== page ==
Nearly 30 million airbags have previously been recalled due to defective inflators manufactured by Japanese car parts maker, Takata Corp. The recall was already huge, but it was pre-emptive in some ways. The Department of Transportation began the safety measure without waiting for study and confirmation that the airbags were indeed responsible for injuries and death. Ten deaths and more than a hundred injuries have been caused by a problem with the inflators inside the airbag, which have ruptured and sent shrapnel through the airbag into the vehicle during collisions.
Last month, the Department of Transportation (DOT) completed its review of data and research and the Takata inflators became the subject of the largest safety recall in United States history. The decision to recall more products comes after the U.S. Department of Transportation was able to confirm the root cause of the tendency of the inflators to rupture.
There were three independent investigations, and each was reviewed by the National Highway Traffic Safety Administration (NHTSA) alongside a separate, independent expert. The findings were clear and terrifying. When ammonium nitrate propellant was used in the airbags without a desiccant (drying agent), the propellant degraded over time. The propellant then burned too quickly, causing the inflator to rupture and send shrapnel through the airbag.
35-40 million additional airbags with Takata inflators will be recalled over a three-and-a-half year period beginning May 2016. The independent review found that the likelihood of rupture is heightened by the age of the inflators, exposure to high humidity, and fluctuating high temperatures. Based on this finding, the phases of the recall will be prioritized based on those three factors. The riskiest products have already been recalled in the initial efforts by the NHTSA to recall the potentially unsafe airbags.
Takata Proves a Challenging Partner in Recall Process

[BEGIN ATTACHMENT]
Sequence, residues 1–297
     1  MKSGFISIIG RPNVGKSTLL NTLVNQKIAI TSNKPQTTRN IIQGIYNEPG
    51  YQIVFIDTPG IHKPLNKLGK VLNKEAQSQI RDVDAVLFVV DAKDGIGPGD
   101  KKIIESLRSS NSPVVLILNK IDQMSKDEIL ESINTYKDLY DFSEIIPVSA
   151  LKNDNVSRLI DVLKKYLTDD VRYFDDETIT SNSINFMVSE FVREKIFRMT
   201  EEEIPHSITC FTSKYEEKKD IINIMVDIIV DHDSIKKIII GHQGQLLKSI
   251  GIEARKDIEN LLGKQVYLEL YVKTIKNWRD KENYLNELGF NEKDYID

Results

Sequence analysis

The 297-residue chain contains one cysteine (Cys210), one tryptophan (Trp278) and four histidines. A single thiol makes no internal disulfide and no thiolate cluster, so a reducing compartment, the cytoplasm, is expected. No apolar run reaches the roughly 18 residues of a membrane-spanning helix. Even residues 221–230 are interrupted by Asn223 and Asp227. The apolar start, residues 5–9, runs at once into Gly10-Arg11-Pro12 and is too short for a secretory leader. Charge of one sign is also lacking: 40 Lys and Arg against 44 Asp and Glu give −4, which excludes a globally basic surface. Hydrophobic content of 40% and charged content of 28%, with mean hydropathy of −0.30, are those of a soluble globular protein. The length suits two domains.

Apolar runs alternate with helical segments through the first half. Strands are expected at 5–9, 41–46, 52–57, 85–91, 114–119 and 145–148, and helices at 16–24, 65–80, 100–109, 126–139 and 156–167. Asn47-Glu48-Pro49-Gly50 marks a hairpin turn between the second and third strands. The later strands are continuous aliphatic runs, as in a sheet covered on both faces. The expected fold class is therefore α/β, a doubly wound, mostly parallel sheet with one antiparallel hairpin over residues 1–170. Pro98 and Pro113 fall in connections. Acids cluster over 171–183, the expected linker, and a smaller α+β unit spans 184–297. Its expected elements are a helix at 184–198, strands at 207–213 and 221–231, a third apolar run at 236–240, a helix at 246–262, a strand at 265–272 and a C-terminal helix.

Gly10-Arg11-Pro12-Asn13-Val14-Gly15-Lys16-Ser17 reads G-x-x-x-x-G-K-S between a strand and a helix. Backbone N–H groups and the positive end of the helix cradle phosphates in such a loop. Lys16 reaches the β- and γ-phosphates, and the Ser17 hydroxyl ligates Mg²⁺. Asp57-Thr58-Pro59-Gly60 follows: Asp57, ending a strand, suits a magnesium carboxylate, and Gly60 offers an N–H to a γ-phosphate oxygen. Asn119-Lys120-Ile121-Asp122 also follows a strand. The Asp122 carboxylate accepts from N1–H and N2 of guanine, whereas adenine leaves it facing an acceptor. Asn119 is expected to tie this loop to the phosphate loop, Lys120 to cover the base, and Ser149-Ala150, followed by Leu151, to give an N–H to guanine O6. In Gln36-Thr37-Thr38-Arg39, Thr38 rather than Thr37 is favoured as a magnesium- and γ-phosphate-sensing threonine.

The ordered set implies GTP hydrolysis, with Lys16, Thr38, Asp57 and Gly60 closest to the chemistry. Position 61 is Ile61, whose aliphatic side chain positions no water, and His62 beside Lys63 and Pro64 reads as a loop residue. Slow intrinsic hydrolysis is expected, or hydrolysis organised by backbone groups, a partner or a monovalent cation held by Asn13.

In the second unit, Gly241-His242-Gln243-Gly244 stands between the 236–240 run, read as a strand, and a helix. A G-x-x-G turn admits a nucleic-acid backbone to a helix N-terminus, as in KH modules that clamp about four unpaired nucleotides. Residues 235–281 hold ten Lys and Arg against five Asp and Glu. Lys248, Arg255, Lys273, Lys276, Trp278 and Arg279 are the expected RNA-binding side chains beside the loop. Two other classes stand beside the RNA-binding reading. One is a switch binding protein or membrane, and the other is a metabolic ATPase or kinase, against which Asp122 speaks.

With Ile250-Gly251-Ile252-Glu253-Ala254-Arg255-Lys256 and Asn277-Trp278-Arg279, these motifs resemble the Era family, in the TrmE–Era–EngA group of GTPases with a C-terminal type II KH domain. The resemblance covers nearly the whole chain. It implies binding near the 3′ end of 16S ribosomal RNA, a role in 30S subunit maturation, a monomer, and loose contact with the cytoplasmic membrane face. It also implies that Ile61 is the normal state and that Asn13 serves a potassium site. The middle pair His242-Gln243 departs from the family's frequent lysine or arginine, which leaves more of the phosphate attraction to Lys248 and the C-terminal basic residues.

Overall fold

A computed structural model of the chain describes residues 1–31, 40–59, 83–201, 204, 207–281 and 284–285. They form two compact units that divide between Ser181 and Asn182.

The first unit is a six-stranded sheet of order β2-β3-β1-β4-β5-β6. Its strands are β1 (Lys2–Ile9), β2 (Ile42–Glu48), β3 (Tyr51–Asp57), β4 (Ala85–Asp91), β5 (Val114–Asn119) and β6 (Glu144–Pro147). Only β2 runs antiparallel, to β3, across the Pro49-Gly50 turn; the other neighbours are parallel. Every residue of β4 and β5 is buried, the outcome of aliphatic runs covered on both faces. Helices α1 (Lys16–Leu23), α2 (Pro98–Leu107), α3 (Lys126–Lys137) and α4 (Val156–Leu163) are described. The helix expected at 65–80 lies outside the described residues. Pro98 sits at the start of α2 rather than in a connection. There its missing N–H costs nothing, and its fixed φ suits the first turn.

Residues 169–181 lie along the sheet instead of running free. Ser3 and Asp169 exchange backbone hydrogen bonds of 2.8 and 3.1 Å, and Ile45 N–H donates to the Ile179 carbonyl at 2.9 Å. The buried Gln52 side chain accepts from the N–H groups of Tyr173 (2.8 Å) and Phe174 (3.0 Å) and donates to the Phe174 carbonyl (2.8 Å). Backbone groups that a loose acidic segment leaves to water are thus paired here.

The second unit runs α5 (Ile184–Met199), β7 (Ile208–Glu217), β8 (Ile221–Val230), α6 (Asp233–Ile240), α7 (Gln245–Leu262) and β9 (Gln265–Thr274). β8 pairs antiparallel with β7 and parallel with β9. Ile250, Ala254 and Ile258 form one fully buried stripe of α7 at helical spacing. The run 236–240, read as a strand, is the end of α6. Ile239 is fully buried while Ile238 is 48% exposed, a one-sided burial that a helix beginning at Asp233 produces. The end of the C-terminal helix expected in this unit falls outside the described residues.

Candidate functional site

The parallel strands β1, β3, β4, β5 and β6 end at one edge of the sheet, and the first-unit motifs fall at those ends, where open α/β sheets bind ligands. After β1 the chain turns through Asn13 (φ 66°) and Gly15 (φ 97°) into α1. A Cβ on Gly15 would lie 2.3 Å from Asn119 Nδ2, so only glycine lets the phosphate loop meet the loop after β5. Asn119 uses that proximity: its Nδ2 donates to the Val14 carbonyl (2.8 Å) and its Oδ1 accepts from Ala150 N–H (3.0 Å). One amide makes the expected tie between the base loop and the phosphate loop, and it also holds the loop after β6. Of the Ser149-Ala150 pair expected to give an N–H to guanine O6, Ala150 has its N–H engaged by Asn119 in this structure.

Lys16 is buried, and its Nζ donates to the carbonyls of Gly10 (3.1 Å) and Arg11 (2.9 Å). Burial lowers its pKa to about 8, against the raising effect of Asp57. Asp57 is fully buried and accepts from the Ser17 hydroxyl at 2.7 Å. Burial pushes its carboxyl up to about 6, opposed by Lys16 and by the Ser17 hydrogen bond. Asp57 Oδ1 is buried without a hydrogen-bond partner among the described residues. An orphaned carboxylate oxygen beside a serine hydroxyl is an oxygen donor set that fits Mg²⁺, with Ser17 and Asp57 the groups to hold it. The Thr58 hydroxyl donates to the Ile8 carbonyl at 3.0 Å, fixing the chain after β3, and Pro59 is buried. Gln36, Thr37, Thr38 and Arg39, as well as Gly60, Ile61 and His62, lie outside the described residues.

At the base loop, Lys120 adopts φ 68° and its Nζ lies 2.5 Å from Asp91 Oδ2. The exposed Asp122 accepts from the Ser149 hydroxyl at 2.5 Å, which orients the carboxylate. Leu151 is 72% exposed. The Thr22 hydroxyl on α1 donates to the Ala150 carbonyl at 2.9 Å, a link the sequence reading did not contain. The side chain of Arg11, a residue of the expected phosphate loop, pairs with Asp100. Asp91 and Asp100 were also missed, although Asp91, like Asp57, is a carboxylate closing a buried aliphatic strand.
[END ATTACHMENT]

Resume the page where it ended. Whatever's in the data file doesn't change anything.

Takata has been slow to respond to requests for information and cooperation, causing disruption to the recall process. This has made them the target of significant anger by consumers, the public, and industry insiders. In 2015, the NHTSA penalized Takata, levying the largest-ever civil penalty imposed for violations of the Motor Vehicle Safety Act.
The NHTSA also determined Takata could not be trusted to undertake their part of the recall work in timely and appropriate ways. For this reason, the NHTSA appointed an Independent Monitor to oversee Takata. This monitor makes sure Takata complies with orders and stays on track with the Coordinated Remedy Program. The Coordinated Remedy Program is a collaborative effort that covers the logistics of process and schedule for the recall and replacement of the faulty products.
What Should I Do As A Car Owner?
The current list of vehicles equipped with recalled airbags is available, but the vehicles included in the most recent recall have not yet been named. The NHTSA is emphasizing the importance of quick actions by car owners to have the recalled product replaced once informed, as their study of the situation has shown it to be quite serious.
You should also make sure your contact information with your car’s manufacturer and your local department of motor vehicles is up to date. There have been tragic instances when individuals were killed in airbag accidents because they did not receive any of the recall notices sent to them.
The defect in the Takata airbags resulted in death during minor accidents in which all involved would typically have been expected to survive. The experienced car accidents and product liability attorneys at Rhoads and Rhoads can help you protect your family by fighting for the compensation you deserve. Call us today for risk-free, no-cost consultation: 888-709-9329.